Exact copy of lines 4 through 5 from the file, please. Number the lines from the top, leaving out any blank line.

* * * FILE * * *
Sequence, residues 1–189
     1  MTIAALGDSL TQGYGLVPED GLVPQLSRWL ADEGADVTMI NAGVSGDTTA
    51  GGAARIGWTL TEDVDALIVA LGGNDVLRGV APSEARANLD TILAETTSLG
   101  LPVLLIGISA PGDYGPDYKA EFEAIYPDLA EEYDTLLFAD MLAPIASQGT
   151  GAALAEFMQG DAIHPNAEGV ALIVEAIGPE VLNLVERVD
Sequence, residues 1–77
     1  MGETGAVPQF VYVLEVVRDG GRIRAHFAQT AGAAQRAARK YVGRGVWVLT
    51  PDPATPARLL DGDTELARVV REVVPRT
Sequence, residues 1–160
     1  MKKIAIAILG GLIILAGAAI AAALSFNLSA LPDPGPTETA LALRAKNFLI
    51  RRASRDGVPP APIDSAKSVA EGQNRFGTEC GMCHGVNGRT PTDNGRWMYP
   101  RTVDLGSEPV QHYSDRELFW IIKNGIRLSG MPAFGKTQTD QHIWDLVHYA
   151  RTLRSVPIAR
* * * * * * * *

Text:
   101  LPVLLIGISA PGDYGPDYKA EFEAIYPDLA EEYDTLLFAD MLAPIASQGT
   151  GAALAEFMQG DAIHPNAEGV ALIVEAIGPE VLNLVERVD